Project Funding for Cultural Goods and Collections from Colonial Contexts
In January 2019, following a decision by the Foundation Board, the German Lost Art Foundation set out the conditions for the funding of provenance research projects on cultural goods and collections from colonial contexts and for basic and contextual research relating to this field. The corresponding Guideline for the funding of provenance research projects on “Cultural Goods and Collections from Colonial Contexts” came into force on January 1, 2019, and a revised version has been available since January 2, 2022. In early February 2019, the Funding Committee "Colonial Contexts" was established to evaluate research proposals.
In its understanding of the term “colonial contexts” the department follows the “Guidelines for German Museums. Care of Collections from Colonial Contexts”. The funding guideline focusses on cultural goods and collections that were taken to Europe in the course of colonial expansion. Cultural goods and collections from colonial contexts are found in various types of museums and collections, not just in ethnological museums. Appropriate handling of such artifacts requires interdisciplinary and international cooperation and, in particular, unbiased collaboration with experts, interest groups and institutions, as well as with potential claimants from the countries and communities of origin.
On March 13, 2019, the Standing Conference of the Ministers of Education and Cultural Affairs of the Länder together with representatives of the German government and leading municipal organizations agreed on the Framework Principles for Dealing with Collections from Colonial Contexts. The “Framework Principles” cover important questions such as transparency, provenance research and the return of cultural goods and collections.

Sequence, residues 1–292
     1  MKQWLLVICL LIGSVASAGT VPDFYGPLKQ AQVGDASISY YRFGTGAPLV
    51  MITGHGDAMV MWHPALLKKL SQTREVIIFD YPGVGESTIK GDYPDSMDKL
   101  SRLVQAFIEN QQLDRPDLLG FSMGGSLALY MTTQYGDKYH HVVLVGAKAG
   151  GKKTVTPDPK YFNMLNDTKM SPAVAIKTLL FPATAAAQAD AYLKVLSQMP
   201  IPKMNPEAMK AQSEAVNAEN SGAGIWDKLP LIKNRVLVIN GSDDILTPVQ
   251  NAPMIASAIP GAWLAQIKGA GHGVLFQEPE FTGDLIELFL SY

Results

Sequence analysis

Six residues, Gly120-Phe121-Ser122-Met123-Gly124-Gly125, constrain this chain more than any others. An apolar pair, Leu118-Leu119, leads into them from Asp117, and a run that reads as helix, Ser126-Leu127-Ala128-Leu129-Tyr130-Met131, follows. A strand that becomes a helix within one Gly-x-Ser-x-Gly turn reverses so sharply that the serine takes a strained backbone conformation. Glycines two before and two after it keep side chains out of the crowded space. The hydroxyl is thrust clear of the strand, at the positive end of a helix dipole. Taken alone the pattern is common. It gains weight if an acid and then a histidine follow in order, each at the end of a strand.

Like the “Framework Principles”, the Foundation’s activities are thus oriented to the following funding objectives:
- systematically and sustainably reviewing the provenance of cultural goods from colonial contexts in public museums and collections, including libraries and archives, in Germany;
- researching and addressing fundamental general questions regarding cultural goods from colonial contexts in public museums and collections, including libraries and archives, in Germany (basic research);
- documenting the research results, particularly in order to make them publicly accessible in digital form.
In addition, the following aims shall be promoted and reinforced:
- raise and increase awareness of the importance of provenance research relating to cultural goods from colonial contexts, especially in institutions that have no or very little experience in this subject;
- support the development of specific documentation and publication standards for cultural goods from colonial contexts;
- promote the transfer of knowledge between the institutions that collect goods and support the development and strengthening of national and international research networks that include the countries and communities of origin;
- encourage the sharing of findings and experiences from the projects as part of education and training activities.
Applications may be submitted by publicly funded institutions based in Germany that collect or hold cultural goods from colonial contexts and institutions that carry out research in this field. These include museums, libraries, archives, and university collections. Since January 1, 2021, private legal entities based in Germany that collect, hold, or research cultural goods from colonial contexts and which are recognized as serving public-benefit purposes under Section 59 in conjunction with Section 52 of the German Fiscal Code are also eligible to submit proposals for provenance research. We welcome joint applications from more than one institution, such as a museum and a university, or several museums, especially if they concern collection holdings or contexts that are closely linked historically.